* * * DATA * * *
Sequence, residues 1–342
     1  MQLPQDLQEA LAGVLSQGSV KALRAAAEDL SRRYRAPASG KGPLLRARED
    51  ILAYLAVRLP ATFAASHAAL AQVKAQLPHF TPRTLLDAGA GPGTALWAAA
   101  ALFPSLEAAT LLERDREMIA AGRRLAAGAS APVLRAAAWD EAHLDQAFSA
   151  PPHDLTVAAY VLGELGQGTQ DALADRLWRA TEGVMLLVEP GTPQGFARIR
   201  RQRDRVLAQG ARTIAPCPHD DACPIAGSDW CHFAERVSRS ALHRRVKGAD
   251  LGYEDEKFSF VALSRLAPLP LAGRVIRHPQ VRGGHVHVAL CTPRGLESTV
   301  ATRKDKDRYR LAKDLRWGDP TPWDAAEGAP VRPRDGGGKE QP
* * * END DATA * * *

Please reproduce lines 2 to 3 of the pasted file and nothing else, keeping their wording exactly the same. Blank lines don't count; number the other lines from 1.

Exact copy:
     1  MQLPQDLQEA LAGVLSQGSV KALRAAAEDL SRRYRAPASG KGPLLRARED
    51  ILAYLAVRLP ATFAASHAAL AQVKAQLPHF TPRTLLDAGA GPGTALWAAA